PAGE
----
Dinbabo, M. F.; T. Nyasulu (2015): Macroeconomic Immigration Determinants: An Analysis of “Pull” factors of International Migration to South Africa. African Human Mobility Review Journal 1(1), 27–53. DinbaboM. F. NyasuluT. 2015 Macroeconomic Immigration Determinants: An Analysis of “Pull” factors of International Migration to South Africa African Human Mobility Review Journal 1 1 27 53 Search in Google Scholar

Disney, G.; A. Wiśniowski; J. J. Forster; P. W. F. Smith; J. Bijak (2015): Evaluation of Existing Migration Forecasting Methods and Models. Retrieved from Southampton, United Kingdom: https://assets.publishing.service.gov.uk/government/uploads/system/uploads/attachment_data/file/467405/Migration_Forecasting_report.pdf DisneyG. WiśniowskiA. ForsterJ. J. SmithP. W. F. BijakJ. 2015 Evaluation of Existing Migration Forecasting Methods and Models Retrieved from Southampton, United Kingdom: https://assets.publishing.service.gov.uk/government/uploads/system/uploads/attachment_data/file/467405/Migration_Forecasting_report.pdf Search in Google Scholar

Eaton, J.; S. Kortum (2002): Technology, Geography, and Trade. Econometrica 70(5), 1741–1779. EatonJ. KortumS. 2002 Technology, Geography, and Trade Econometrica 70 5 1741 1779 Search in Google Scholar

Executive Yuan. (2020a): A-1 Expenditures. Taipei, Taiwan: Directorate General of Budget, Accounting, and Statistics (DGBAS). Executive Yuan 2020a A-1 Expenditures Taipei, Taiwan Directorate General of Budget, Accounting, and Statistics (DGBAS) Search in Google Scholar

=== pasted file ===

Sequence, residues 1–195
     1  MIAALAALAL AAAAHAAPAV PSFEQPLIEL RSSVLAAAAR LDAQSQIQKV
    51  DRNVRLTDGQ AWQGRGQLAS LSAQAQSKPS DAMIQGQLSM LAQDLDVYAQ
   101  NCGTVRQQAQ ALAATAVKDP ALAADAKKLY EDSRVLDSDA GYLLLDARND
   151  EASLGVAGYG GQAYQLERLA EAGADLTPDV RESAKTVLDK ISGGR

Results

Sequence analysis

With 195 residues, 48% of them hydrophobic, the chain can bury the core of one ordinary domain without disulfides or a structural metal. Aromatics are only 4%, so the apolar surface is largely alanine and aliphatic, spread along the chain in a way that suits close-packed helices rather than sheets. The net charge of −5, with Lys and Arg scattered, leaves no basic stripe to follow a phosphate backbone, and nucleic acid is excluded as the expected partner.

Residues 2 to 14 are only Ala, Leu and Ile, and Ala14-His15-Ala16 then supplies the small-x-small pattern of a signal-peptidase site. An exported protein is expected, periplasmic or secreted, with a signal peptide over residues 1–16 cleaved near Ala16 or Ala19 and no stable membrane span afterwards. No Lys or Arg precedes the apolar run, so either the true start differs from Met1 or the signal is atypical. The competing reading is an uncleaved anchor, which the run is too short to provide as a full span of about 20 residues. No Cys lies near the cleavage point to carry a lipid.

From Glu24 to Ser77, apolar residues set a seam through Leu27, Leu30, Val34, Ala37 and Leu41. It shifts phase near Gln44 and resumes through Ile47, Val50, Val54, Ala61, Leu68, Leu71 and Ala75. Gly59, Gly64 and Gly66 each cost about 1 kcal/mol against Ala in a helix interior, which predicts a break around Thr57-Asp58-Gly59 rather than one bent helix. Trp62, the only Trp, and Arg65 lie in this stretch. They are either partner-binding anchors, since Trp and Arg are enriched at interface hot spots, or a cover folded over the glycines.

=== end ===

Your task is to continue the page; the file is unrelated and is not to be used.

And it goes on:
Executive Yuan. (2020b). E-1 Labor Force & Employed. Taipei, Taiwan: Directorate General of Budget, Accounting, and Statistics (DGBAS). Executive Yuan 2020b E-1 Labor Force & Employed Taipei, Taiwan Directorate General of Budget, Accounting, and Statistics (DGBAS) Search in Google Scholar

Francisco-Menchavez, V. (2020): All in the Family: Transnational Families and Stepwise Migration Strategies. Geographical Research doi:10.1111/1745-5871.12416 Francisco-MenchavezV. 2020 All in the Family: Transnational Families and Stepwise Migration Strategies Geographical Research 10.1111/1745-5871.12416 Open DOISearch in Google Scholar

Geis, W.; S. Uebelmesser; M. Werding (2008): How do Migrants Choose their Destination Country? An Analysis of Institutional Determinants. CESifo Working Paper, 2506. GeisW. UebelmesserS. WerdingM. 2008 How do Migrants Choose their Destination Country? An Analysis of Institutional Determinants CESifo Working Paper, 2506. Search in Google Scholar

Ghosh, B. (2013): The Global Economic Crisis and the Future of Migration: Issues and Prospects. What Will Migration Look Like in 2045? Basingstoke, Hampshire, UK: Palgrave Macmillian. GhoshB. 2013 The Global Economic Crisis and the Future of Migration: Issues and Prospects. What Will Migration Look Like in 2045? Basingstoke, Hampshire, UK Palgrave Macmillian Search in Google Scholar

Gibler, D.M. (2009): International Military Alliances, 1648–2008. Washington, D.C.: CQ Press. GiblerD.M. 2009 International Military Alliances, 1648–2008 Washington, D.C. CQ Press Search in Google Scholar

Go, S. (2004): Fighting for the Rights of Migrant Workers: The Case of the Philippines, in: OECD (Ed.), Migration for Employment: Bilateral Agreements at a Crossroads. Paris, France: Organisation for Economic Co-operation Development (OECD), 187–202. GoS. 2004 Fighting for the Rights of Migrant Workers: The Case of the Philippines in: OECD (Ed.), Migration for Employment: Bilateral Agreements at a Crossroads Paris, France Organisation for Economic Co-operation Development (OECD) 187 202 Search in Google Scholar